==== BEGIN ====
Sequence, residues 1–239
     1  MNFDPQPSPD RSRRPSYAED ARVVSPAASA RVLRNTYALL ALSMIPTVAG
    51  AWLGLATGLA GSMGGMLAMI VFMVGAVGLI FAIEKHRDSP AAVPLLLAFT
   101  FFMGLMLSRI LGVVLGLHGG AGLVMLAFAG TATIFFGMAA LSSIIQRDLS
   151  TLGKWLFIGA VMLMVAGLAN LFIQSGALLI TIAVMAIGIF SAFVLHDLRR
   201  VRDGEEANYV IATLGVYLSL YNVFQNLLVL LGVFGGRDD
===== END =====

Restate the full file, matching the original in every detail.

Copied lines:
Sequence, residues 1–239
     1  MNFDPQPSPD RSRRPSYAED ARVVSPAASA RVLRNTYALL ALSMIPTVAG
    51  AWLGLATGLA GSMGGMLAMI VFMVGAVGLI FAIEKHRDSP AAVPLLLAFT
   101  FFMGLMLSRI LGVVLGLHGG AGLVMLAFAG TATIFFGMAA LSSIIQRDLS
   151  TLGKWLFIGA VMLMVAGLAN LFIQSGALLI TIAVMAIGIF SAFVLHDLRR
   201  VRDGEEANYV IATLGVYLSL YNVFQNLLVL LGVFGGRDD